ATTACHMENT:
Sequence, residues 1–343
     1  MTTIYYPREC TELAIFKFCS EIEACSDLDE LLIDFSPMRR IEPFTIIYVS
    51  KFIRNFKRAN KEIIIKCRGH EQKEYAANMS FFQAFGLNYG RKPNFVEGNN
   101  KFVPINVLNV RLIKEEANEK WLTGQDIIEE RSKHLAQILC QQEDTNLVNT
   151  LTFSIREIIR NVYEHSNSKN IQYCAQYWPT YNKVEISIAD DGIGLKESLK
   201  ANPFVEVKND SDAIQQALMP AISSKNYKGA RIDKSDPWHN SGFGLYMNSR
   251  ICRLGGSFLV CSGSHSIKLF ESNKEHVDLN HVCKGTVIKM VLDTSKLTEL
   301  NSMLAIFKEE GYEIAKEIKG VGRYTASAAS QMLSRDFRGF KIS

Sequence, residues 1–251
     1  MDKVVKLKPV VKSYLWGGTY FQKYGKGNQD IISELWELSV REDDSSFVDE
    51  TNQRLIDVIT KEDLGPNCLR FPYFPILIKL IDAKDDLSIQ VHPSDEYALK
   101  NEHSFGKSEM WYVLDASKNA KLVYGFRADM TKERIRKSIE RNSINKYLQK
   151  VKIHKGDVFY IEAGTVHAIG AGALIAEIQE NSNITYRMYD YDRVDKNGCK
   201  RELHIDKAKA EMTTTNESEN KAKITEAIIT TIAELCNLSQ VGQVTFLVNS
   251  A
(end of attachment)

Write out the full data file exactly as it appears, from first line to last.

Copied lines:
Sequence, residues 1–343
     1  MTTIYYPREC TELAIFKFCS EIEACSDLDE LLIDFSPMRR IEPFTIIYVS
    51  KFIRNFKRAN KEIIIKCRGH EQKEYAANMS FFQAFGLNYG RKPNFVEGNN
   101  KFVPINVLNV RLIKEEANEK WLTGQDIIEE RSKHLAQILC QQEDTNLVNT
   151  LTFSIREIIR NVYEHSNSKN IQYCAQYWPT YNKVEISIAD DGIGLKESLK
   201  ANPFVEVKND SDAIQQALMP AISSKNYKGA RIDKSDPWHN SGFGLYMNSR
   251  ICRLGGSFLV CSGSHSIKLF ESNKEHVDLN HVCKGTVIKM VLDTSKLTEL
   301  NSMLAIFKEE GYEIAKEIKG VGRYTASAAS QMLSRDFRGF KIS

Sequence, residues 1–251
     1  MDKVVKLKPV VKSYLWGGTY FQKYGKGNQD IISELWELSV REDDSSFVDE
    51  TNQRLIDVIT KEDLGPNCLR FPYFPILIKL IDAKDDLSIQ VHPSDEYALK
   101  NEHSFGKSEM WYVLDASKNA KLVYGFRADM TKERIRKSIE RNSINKYLQK
   151  VKIHKGDVFY IEAGTVHAIG AGALIAEIQE NSNITYRMYD YDRVDKNGCK
   201  RELHIDKAKA EMTTTNESEN KAKITEAIIT TIAELCNLSQ VGQVTFLVNS
   251  A